Thrift Shop Mojo

I am a thrift store junkie. I remember when I was a kid, we didn’t have a lot of money. Every summer, my family spend a week in Auburn, WA at Lake Tapps. Auburn had tons of thrift stores and we’d go each year to pick up clothes for the school year. So, I wasn’t the most fashionable kid in the school, but I learned to love the adventure. That love for thrift stores persists today. I’d say about half my shoes and clothes come from thrift stores – a handful of handbags too! It used to be a necessity for money reasons, but today, I can afford new clothes. But I am used to thrift pricing now. ($100 for jeans?! HA!) And honestly, I just love the challenge and the hunt for a great deal.

Thrifting has become trendy recently. One of my favorite blog sites, Hello Giggles, has a whole series of posts about thrifting. The new CBS show 2 Broke Girls (which I find funny, but all my friends think it sucks) had a hilarious episode where the street-smart broke girl took the former rich-bitch broke girl to the Goodwill. Especially in today’s economy, and with increased sensibilities to ‘green living’, thrifting is a fantastic money-saving, reduce/reuse/recycle option. All it takes is some common sense and a sense of adventure. With a dash of patience. And hand sanitizer.

Look for these

Clothes. This is the easiest category. I only own one pair of jeans that did not come from a thrift store. Most of my dresses (I have a lot!) are from thrift stores. You will need to try things on – especially jeans. I have to try on 15 pairs for every 2 I go home with. But I have some nice jeans – Hilfiger, DKNY – and not a single pair cost more than $9.99. I have found cute tops, great sweaters – never spending more than $15 for any item. Here are some of my faves:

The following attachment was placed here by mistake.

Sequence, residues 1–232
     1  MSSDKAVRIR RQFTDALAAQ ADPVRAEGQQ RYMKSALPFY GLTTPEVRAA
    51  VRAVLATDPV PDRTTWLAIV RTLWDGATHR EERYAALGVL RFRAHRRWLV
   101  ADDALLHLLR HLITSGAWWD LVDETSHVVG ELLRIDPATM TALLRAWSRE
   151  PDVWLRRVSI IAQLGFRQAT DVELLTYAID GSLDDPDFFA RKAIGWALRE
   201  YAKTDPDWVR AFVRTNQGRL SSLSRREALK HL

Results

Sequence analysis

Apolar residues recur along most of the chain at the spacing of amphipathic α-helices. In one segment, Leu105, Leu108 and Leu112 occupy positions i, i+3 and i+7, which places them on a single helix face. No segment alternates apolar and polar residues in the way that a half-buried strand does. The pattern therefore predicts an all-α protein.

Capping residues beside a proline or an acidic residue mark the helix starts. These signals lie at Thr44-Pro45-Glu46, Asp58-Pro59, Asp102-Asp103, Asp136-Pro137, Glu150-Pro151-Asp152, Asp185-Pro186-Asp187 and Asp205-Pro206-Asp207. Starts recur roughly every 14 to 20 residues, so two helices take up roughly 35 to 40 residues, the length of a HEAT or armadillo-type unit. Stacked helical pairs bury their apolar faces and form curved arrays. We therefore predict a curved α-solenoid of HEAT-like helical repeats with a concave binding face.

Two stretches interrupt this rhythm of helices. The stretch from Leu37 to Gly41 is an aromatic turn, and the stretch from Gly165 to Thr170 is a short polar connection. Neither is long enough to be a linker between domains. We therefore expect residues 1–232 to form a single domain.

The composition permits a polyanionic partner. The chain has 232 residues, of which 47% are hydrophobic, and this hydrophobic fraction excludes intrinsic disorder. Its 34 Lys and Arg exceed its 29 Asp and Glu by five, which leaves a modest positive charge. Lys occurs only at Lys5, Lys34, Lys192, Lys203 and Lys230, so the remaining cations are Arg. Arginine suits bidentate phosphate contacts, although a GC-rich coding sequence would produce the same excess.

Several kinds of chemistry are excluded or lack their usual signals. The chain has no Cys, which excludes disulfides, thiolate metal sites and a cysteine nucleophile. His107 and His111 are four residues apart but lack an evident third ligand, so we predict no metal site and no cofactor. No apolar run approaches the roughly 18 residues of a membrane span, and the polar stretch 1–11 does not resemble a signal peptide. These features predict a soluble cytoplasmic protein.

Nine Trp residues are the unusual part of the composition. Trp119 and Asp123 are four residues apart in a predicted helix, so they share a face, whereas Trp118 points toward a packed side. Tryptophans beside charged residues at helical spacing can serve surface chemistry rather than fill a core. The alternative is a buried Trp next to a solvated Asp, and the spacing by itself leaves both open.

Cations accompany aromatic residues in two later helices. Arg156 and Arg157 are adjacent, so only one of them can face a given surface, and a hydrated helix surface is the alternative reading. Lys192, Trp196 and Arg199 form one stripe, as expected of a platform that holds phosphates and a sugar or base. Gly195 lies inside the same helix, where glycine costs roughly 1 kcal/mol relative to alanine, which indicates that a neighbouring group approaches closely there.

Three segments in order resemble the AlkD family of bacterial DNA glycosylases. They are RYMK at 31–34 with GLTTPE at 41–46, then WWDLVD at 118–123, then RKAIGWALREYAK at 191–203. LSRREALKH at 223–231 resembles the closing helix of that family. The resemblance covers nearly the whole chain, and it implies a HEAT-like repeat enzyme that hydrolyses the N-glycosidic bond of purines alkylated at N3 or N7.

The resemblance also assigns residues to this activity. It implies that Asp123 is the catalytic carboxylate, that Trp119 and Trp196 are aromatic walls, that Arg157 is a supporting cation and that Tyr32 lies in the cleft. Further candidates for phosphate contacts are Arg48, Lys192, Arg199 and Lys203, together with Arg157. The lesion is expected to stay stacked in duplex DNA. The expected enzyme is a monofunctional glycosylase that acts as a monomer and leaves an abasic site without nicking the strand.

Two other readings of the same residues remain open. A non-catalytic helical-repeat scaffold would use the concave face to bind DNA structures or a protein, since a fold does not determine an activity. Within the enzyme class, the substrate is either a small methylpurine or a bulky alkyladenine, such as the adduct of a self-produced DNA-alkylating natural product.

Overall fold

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Shoes. Ok, this one is a bit trickier. When looking for shoes, check the brands. If they’re cheap Payless brands, or Target brands, don’t bother. You could get them cheap brand new. Check the soles and heels and insides of the shoes. The soles should be in good shape, the heels sturdy and the insides not coming apart. Then, try them on.  I’ve learned that a lot of times, shoes are at the thrift store because they are ridiculously uncomfortable. Don’t just try on the shoes – walk around the store in them. I’ve done my entire shopping trip wearing a pair of shoes off the rack. Go to the shoe section first, pick out ones you like and wear them while you shop the rest of the store. You’ll know if you’re making a good purchase this way. I have found some fantastic shoes. Guess heels that looked like they’d never been worn. Flats from Nine West in perfect condition. Adorable Steve Maddens in near perfect condition. The little plaid heels – those are a cheaper brand, but they still had the tags on them – never worn. Only the Guess shoes were over $12 – and they were only $18. Oh, and don’t forget these ridiculous, bad-ass shoes that I may never wear, but I love owning them! Do you see the metal plates on the front! CRAZY!



Books. I discovered my love of Clive Cussler at a thrift store. Same with Dean Koontz. And James Patterson. Paperbacks are the most donated item in existence, I swear. I find great books there. Other books are great as well – cookbooks, home improvement, art, history – it’s all there for cheap.

Kid’s Clothes. If you have kids, or have been around kids, you know they grow out of things so fast. Why bother paying full price for new clothes for them? For special occasions, sure. But for everyday wear, you can find great deals on great clothes. Check for stains and tears of course, but you’ll find great, cheap deals.